The Diary of a Union Surgeon in the Virginia and North Carolina Marshes
Ronald D. Lankford, Jr.
To the outsider, war means decisive troop movements, big battles, and death from field injuries. While Surgeon William M. Smith observed all of these, his diary also bears witness to confused troop movement, death by preventable diseases, and plain boredom. The editor, a retired psychiatrist, has written several books about the Civil War, telling aspects of the story that are usually left out of the textbooks. In Swamp Doctor, he avoids the epic and brings to light the everyday experiences and commonplace worries that occupied Smith’s mind while he provided medical service for the Union Army during that war. The doctor misses his loved ones at home, questions the competence of his superiors, and is anxious that his reputation will suffer at the hands of rival officers.
Smith is an untiring worrier, especially concerning his fiancée in New York. He wonders over and over about her faithfulness. Has she been seen in society too often, with the wrong kind of person. He privately chides her for not writing more often, and, when she does write, for not relieving him of all doubts. He writes that her letter “is marked by evidences of an increasing devotion to the pleasures and allurement of social life. It worries me greatly.” That he would later marry Miss Lyon, and stay married to her for the remainder of his life, may lead readers to believe that she was never privy to his journal.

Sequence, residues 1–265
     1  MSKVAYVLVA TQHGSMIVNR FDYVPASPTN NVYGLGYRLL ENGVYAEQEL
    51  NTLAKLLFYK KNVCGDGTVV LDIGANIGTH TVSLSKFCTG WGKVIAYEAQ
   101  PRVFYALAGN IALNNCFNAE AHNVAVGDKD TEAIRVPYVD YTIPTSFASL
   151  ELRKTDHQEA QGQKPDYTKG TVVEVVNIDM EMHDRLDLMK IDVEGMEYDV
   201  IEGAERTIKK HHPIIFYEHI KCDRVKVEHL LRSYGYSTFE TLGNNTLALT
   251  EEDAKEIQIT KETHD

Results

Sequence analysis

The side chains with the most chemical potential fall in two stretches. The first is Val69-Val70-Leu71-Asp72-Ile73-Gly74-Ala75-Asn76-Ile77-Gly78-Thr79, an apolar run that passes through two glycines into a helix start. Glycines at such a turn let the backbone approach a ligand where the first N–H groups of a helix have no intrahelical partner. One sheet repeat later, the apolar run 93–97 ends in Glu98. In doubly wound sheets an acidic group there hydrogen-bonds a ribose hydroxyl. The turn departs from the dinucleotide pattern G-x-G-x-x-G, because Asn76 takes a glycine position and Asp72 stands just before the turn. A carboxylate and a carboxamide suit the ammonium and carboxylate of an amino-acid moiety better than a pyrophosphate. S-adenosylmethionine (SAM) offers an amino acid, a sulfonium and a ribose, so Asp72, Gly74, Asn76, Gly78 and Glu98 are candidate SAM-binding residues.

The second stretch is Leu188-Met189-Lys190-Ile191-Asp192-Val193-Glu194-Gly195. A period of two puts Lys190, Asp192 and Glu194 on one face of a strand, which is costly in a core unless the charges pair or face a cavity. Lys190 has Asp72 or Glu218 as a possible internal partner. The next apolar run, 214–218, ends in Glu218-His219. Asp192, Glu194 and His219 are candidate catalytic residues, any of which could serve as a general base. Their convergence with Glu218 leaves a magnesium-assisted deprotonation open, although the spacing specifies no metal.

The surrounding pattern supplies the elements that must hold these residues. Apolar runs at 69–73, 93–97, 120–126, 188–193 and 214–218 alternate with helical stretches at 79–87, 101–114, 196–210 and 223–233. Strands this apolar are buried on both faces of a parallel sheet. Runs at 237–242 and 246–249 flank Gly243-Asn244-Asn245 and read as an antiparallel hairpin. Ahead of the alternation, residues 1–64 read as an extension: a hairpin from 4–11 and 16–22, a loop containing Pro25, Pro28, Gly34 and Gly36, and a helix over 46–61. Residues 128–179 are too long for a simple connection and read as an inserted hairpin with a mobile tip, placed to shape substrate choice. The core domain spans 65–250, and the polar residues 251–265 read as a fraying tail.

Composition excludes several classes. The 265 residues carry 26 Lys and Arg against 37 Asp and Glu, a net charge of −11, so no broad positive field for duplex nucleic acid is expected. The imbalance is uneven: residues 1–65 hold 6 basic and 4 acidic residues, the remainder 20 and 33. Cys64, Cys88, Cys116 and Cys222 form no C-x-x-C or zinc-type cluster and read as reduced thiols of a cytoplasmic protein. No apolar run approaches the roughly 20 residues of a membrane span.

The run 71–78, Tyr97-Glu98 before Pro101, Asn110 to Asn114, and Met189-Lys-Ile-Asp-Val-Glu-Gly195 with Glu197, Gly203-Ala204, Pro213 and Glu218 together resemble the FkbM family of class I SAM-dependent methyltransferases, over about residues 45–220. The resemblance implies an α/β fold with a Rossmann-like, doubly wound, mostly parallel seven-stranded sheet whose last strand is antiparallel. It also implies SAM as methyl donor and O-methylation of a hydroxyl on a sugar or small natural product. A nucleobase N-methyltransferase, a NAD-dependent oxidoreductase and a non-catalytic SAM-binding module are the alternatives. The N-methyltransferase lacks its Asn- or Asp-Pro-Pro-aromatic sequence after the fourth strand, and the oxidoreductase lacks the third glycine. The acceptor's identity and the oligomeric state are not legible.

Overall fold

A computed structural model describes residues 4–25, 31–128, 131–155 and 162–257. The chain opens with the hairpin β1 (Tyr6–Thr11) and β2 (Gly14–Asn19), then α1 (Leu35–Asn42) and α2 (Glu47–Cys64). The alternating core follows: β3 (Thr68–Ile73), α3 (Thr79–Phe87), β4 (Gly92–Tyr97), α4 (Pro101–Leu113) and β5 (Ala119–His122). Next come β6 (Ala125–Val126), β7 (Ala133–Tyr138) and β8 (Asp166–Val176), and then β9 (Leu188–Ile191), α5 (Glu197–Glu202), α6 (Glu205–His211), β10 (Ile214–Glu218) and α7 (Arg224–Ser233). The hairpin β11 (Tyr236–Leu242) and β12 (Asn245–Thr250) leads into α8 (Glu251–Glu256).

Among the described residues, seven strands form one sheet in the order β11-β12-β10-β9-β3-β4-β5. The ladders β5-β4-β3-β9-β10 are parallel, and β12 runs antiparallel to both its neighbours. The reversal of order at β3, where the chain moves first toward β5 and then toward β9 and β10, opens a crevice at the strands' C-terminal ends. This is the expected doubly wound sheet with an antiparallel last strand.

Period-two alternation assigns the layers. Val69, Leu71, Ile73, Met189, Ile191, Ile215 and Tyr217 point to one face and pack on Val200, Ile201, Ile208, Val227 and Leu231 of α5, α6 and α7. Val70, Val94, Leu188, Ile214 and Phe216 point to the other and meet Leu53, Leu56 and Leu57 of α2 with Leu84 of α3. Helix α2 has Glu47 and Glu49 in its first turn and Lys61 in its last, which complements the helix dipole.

Despite his worries, Smith was a compassionate doctor. In several moving passages, he relates how he aided a prostitute who had become ill with fever. This is incongruous, because other entries speak judgmentally of “fallen women” and of the “weak” officers who visit them. His religion and piousness, however, fall by the wayside when he provides medicine and comfort to the dying woman, and attempts to help her younger sister. “I sent my cook to stay with them and do what she could to give them present relief…”
Perhaps Smith had it easier than many soldiers, but his role as a doctor offers a distinct point of view. His self-portrait also stands in contrast to the belief, prevalent in his time, that many doctors were incompetent and addicted to drink. The editor’s commentary clarifies geography, troop movements, and nineteenth-century medicine. Swamp Doctor offers an opportunity for the contemporary reader to travel back in time and observe life in the Union Army of 1862-1863.